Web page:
Kamekawa Seibu

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  • Other Names: 允良 (Mou Inryou, C: Máo Yǔnliáng)
  • Japanese: 亀川 親方 盛武 (Kamekawa ueekata Seibu)

Kamekawa ueekata Seibu was a Ryukyuan scholar-official who served as a member of the Sanshikan in the early 1870s. He was a leader of the Ganko-tô, the opposition movement against the Japanese abolition and annexation of the kingdom. He is also known as a notable painter and calligrapher; while a number of works of Kamekawa's calligraphy survive, however, none of his paintings do.[1]

Following the return to Ryûkyû of the 1872 embassy to Tokyo, which returned with an imperial edict from the Meiji Emperor stating that King Shô Tai was now to be regarded not as a kokuô (king of a country) but as a han'ô ("king" of a domain), Kamekawa led other officials in raising objections. He demanded an investigation into who was responsible for accepting this edict, and demanded the resignation of his fellow Sanshikan, deputy envoy on the Tokyo embassy, Giwan Chôho.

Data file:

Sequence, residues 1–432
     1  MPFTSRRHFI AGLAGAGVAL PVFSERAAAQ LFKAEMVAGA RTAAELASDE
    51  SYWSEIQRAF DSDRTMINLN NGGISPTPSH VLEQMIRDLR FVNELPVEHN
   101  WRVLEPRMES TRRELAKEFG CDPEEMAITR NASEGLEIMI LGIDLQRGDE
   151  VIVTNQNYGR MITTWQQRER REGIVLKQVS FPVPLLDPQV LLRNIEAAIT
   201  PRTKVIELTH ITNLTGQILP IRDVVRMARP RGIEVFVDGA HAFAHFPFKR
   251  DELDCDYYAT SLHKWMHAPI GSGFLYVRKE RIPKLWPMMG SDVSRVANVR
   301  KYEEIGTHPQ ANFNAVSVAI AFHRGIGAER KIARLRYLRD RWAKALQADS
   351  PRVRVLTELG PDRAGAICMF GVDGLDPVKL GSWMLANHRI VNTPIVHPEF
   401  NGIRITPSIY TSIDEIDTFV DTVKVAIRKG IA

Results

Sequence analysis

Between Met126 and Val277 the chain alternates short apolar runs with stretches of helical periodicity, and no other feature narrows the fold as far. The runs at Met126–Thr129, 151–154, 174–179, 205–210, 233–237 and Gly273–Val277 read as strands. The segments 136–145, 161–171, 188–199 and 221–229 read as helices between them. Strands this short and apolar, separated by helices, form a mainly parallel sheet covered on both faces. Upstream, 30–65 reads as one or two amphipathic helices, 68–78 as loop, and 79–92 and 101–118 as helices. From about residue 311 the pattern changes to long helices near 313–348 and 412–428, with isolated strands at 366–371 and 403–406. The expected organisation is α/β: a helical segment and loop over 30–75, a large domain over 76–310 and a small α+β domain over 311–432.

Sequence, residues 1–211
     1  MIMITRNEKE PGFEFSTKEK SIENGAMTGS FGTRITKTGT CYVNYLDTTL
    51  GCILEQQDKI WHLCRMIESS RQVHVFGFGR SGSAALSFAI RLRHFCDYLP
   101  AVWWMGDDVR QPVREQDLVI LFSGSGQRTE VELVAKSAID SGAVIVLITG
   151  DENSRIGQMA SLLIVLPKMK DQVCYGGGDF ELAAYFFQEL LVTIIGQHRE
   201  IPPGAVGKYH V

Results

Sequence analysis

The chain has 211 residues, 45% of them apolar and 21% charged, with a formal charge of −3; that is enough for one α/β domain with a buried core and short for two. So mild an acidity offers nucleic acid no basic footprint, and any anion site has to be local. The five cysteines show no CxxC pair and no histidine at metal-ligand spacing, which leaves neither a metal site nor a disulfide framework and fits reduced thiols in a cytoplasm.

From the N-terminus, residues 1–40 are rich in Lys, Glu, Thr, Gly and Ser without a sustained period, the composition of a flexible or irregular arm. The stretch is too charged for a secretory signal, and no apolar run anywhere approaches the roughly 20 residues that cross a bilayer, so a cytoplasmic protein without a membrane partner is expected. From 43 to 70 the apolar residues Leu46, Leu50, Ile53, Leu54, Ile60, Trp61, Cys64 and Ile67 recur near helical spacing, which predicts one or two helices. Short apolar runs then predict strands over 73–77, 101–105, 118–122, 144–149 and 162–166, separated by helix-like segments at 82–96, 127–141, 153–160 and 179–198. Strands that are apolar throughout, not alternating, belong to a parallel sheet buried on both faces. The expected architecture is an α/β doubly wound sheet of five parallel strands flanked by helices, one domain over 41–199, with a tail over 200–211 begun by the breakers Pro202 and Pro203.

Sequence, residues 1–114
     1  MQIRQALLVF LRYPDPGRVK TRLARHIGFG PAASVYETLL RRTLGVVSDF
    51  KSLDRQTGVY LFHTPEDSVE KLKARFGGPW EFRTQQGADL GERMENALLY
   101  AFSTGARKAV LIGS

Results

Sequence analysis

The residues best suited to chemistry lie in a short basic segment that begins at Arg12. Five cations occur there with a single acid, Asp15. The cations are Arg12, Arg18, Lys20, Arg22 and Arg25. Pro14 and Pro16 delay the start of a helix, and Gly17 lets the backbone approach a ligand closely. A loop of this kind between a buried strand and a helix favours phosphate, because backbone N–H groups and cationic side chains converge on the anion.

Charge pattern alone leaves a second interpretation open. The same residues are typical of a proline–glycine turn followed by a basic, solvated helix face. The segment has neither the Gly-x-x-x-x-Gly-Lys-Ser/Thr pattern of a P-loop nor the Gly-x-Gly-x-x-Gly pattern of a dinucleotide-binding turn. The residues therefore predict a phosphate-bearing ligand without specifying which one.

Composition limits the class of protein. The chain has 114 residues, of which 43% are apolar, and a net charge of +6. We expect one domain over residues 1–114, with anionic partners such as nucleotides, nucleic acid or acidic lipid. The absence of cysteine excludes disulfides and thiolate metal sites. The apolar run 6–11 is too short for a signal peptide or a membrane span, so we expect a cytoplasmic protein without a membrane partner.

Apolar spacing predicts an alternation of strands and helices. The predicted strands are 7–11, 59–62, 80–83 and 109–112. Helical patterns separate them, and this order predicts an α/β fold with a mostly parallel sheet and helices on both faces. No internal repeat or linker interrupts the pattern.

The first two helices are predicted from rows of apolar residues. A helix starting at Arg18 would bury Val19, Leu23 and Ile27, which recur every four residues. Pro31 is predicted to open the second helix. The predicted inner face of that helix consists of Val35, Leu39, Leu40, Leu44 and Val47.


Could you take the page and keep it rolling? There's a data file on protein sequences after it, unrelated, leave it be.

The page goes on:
Following the fall of the kingdom, Kamekawa continued to play a strong role in organizing and maintaining the opposition movement, as well as the faction which sought aid from the Qing Empire.


  • Kawabata Megumu 川端恵, Shô Tai: Saigo no Ryûkyû ô 尚泰:最後の琉球王, Yamakawa shuppan (2019), 23.
  1. Junko Kobayashi, "The Demise of Ryukyuan Painting," Okinawan Art in its Regional Context symposium, University of East Anglia, Norwich, 10 Oct 2019.